Khan the king in Vegas classic
Bolton boy keeps his title in a titanic Vegas tussle
By Tim Hobbs Last updated: 12th December 2010
Khan: sensational victory
Amir Khan turned in the performance of his career in the fight of the year to show America he is here. And here to stay.
The boy from Bolton retained his world title after a furious 12 rounds in which he had Marcos Maidana down, was out on his feet himself before somehow digging deep to take a pulsating points win.
In the end the margin - 114-111, 114-111, 113-112 - was almost irrelevant. Few in the Mandalay Bay had got their breath back by the time Khan was confirmed the winner.
If ever there was a way to announce yourself to the watching American public, then Khan found it. It was not perfection by any means and there were alarming flashes of the Breidis Prescott performance as he dabbled with danger time and time again. But he came through it.
He took some horrendous shots from a massive puncher in Maidana. He was out on his feet in the 10th and hanging on. But he showed he has a chin, he showed he has speed that maybe only Floyd Mayweather and Manny Pacquiao can match and he proved that he should now be considered one of the sport's leading lights.
From the very first bell, when Khan went to touch gloves only for Maidana to aim a cheeky left hook at his ribs, the night was sensationally surreal. The champion stilll opened up with a flurry of lightning combinations, three, four, even five punches at a time finding the target.
And anyone who thought the boy from Bolton was all flash and no force was made to think again as Maidana went down in the opening session. A crunching right to the ribs forced an opening on the opposite side which Khan found with a searing left, 18 seconds from the bell.
Maidana made the count but was on the back foot again in the second as Khan buzzed about him, his hands a blur, his well-rehearsed combinations successful and after six minutes, you were left wondering whether the Argentinean's renowned power would even come into the equation.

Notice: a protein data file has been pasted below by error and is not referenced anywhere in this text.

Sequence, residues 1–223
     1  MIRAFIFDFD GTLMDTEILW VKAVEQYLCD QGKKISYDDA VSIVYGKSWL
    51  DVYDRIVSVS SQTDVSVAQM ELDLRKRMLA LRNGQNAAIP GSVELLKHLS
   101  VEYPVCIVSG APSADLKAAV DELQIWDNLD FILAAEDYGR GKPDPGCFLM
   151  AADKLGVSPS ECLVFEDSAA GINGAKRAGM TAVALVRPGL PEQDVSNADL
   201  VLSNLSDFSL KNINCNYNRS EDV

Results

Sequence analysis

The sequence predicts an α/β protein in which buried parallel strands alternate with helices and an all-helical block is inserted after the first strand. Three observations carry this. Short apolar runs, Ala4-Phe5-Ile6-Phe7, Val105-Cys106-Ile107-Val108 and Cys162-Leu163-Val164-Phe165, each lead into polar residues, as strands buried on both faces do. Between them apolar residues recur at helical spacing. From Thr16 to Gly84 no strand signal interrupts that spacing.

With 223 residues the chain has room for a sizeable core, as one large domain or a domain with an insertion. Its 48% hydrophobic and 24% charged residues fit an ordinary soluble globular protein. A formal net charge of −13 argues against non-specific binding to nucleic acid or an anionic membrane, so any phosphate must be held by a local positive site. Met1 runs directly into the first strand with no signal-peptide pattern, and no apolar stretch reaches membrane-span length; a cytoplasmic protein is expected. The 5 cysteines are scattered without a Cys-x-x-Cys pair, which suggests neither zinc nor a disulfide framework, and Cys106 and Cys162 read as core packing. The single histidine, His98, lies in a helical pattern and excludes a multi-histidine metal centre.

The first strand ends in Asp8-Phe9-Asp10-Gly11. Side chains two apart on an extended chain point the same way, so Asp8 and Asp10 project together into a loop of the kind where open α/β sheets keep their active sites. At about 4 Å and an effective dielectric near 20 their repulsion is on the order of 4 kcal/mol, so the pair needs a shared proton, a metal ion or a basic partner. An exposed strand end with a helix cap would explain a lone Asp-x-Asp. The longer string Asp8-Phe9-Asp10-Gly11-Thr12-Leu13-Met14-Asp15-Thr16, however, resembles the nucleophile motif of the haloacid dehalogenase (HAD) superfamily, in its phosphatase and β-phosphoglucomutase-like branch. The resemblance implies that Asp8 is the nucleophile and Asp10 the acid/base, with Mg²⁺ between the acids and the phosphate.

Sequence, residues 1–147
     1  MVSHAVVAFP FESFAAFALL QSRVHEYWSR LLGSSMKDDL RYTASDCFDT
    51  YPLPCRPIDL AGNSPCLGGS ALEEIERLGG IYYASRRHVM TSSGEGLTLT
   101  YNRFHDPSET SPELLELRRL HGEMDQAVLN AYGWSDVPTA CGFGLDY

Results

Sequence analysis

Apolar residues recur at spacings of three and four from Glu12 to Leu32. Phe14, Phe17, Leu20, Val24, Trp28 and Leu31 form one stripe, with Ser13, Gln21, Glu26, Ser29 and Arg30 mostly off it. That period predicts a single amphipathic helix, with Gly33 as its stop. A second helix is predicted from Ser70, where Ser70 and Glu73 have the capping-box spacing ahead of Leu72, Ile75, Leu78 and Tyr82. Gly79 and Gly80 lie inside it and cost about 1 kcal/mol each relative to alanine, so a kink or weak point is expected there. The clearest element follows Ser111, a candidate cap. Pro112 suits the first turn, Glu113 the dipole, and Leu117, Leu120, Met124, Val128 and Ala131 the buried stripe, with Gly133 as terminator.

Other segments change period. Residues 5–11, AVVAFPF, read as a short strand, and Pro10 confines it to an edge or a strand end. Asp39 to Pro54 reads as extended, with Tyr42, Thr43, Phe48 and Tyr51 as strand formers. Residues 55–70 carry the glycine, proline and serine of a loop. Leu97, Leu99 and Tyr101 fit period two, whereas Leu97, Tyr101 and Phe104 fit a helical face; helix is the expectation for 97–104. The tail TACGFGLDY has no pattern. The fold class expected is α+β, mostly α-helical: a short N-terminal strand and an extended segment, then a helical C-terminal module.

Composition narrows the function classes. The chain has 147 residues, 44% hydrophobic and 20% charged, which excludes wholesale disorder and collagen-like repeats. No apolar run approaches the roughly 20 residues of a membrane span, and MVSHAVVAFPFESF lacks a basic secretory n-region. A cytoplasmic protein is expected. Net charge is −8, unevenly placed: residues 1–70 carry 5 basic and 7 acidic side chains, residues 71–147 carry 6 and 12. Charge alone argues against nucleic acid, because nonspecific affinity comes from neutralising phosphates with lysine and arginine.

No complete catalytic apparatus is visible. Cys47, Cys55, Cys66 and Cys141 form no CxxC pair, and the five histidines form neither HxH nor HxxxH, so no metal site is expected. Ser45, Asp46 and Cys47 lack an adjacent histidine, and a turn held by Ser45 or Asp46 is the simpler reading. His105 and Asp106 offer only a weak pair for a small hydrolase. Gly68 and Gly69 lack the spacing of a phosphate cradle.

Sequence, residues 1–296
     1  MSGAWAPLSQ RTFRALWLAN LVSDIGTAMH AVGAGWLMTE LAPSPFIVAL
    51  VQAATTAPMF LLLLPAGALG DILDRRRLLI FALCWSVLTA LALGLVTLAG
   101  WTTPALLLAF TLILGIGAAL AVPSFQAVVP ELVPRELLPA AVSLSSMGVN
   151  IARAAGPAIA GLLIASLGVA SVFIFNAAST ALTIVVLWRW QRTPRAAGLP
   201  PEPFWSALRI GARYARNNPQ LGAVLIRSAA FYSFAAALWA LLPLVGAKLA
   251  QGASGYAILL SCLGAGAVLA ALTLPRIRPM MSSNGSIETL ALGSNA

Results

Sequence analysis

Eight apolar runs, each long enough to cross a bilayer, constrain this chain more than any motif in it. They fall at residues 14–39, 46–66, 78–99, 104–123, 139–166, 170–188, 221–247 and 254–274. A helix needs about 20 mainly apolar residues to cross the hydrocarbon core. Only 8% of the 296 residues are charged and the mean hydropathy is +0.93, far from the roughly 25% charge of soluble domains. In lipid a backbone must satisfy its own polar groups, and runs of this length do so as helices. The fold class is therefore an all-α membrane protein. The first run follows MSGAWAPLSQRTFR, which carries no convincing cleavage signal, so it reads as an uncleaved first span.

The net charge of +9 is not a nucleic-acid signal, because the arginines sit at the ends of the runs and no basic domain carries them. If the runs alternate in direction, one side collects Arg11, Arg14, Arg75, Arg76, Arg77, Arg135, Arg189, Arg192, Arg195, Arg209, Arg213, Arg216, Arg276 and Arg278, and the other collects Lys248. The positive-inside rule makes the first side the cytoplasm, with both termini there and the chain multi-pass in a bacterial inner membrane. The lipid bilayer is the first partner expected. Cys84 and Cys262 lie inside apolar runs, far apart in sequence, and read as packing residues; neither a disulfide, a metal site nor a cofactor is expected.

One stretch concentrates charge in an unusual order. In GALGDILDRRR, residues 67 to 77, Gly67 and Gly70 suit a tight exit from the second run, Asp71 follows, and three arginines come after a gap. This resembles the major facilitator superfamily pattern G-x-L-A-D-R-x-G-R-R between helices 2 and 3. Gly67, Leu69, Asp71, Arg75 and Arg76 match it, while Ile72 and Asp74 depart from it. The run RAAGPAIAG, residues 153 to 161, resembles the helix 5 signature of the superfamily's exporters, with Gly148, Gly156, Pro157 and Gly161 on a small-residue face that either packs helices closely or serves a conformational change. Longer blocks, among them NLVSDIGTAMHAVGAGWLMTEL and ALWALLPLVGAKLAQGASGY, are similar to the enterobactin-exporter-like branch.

But a right over the top at the end of the round was not just a warning sign, it was a very real sample of what was to come. And come again. And again. And again. Busy banging home his combinations, Khan was caught off guard on the ropes and Maidana walloped the same shot in, stunning the champion.
Momentarily dazed, he was caught again before his footwork got him free, back to the centre of the ring and soon enough, back forcing the issue. Yet whenever he decided - for some reason - to stand and trade, trouble was never far away. Freddie Roach had said he wouldn't stand in the pocket, yet he did - and Maidana cashed in.
The fourth round was faster still and only when referee Joe Cortez did his usual by jumping in too early, was there a break in the action. It might not have been welcome then, but the man who had hardly helped Ricky Hatton against Mayweather, was to come to Khan's rescure on more than one occasion later on.
He was onto Maidana in the fifth, just after he had pinned Khan in a neutral corner and then took a point away for throwing an elbow - although it only connected with the referee himself. If that surprised Maidana, in the next round he was cut over the right eye and given a torrid time by the rapid-fire punches that rained in from all angles.